London, July 12 : Proposals contained in a Green Paper called "The Path to Citizenship" are to be introduced by the Gordon Brown Government in Parliament next week, and it includes one where future immigrants wanting British citizenship, will have to prove that they can speak English.
According to The Telegraph, the new arrivals will also be required to contribute to a fund to be used for lessening the impact of sudden mass immigration on local public services.
The government is keen that recent arrivals prove they can integrate into general British life, rather than just their own close community, before they are allowed to apply for a British passport. Ministers are concerned that many young women in particular, arrive from abroad to marry and never leave their new family or establish roots in the wider community, before being granted citizenship.
In future, as well as showing they are continue to improve their capacity in English, those wishing to make the UK their home will have to prove they will not be a drain on the benefits system and can "give something back to the community".
Under one of the most radical proposals contained in the Draft Immigration Bill, published on Monday, an effective immigrant tax" is proposed to help pay for the schools and hospitals they use.
The special levy on entering the country is designed to respond to concerns that high immigration levels can lead to a drain on public services in communities which lack the funds to support a large influx from abroad.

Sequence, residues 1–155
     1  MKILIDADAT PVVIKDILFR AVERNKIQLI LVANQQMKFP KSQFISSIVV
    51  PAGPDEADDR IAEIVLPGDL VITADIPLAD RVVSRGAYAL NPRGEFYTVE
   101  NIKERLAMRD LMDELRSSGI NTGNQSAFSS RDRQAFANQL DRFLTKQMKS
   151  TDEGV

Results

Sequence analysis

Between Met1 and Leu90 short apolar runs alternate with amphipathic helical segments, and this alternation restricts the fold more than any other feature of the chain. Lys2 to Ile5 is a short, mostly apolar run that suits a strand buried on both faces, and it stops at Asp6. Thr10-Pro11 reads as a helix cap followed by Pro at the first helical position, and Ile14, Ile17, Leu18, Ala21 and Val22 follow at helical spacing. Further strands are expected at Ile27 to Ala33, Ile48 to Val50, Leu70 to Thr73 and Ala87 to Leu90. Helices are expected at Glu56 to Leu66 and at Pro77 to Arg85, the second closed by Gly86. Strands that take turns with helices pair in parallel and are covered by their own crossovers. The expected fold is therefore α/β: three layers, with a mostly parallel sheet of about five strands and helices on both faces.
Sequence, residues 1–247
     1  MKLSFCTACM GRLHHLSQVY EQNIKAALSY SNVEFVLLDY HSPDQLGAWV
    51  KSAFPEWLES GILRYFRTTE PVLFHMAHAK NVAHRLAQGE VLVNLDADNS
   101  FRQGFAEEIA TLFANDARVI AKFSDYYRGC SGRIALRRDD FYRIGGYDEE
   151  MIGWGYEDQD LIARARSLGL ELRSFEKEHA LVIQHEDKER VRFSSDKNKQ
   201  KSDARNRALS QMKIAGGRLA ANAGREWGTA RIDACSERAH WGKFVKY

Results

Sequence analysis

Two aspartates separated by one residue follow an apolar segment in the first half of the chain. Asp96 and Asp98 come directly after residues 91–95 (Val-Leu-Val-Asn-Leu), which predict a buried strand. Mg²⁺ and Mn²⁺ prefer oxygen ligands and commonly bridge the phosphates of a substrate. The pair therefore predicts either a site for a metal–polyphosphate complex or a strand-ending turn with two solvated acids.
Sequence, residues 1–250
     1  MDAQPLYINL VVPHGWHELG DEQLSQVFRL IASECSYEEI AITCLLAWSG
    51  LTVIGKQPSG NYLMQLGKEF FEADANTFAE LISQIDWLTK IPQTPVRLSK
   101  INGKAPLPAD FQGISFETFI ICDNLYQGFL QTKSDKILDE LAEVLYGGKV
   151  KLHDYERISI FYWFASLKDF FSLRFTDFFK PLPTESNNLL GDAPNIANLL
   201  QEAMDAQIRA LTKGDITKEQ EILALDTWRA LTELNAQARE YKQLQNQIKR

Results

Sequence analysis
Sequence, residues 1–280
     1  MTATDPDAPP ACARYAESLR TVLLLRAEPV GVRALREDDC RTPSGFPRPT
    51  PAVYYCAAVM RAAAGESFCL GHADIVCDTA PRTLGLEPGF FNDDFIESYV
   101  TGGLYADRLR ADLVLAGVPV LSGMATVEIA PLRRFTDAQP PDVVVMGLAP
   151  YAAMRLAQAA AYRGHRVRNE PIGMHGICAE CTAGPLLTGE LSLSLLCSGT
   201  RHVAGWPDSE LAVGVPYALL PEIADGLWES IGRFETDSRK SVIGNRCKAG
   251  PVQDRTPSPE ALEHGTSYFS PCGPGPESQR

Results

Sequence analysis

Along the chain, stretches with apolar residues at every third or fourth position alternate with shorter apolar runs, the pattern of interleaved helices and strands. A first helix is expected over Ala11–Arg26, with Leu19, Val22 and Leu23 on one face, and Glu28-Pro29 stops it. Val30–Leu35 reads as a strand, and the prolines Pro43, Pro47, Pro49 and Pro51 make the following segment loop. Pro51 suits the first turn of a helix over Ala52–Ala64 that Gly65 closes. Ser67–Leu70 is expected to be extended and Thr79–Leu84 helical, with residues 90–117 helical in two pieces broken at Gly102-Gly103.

An additional levy of around 20 pounds will be added to the usual 200 pounds visa need by those wishing to stay in Britain longer than six months, and is expected to bring in an extra 15 million pounds a year.
The Bill has been prepared and launched by British Home Secretary Jacqui Smith earlier this year, which the Daily Telegraph understands has been accepted by ministers virtually in full.
It will usher in a three-stage process for becoming a citizen, including a new probationary period during which migrants will be required to demonstrate their contribution to the UK or else leave the country.
No one will be able to claim benefits until they have completed the probationary period.
Anyone who commits an offence resulting in a prison sentence will be barred from becoming a citizen altogether, while those guilty of a minor crime will have to serve a longer period of probation.
But there will be a fast-track system for migrants who get involved in volunteering in their local community.
The Conservatives have warned however that the extra fee could put key workers such as nurses off coming to the UK.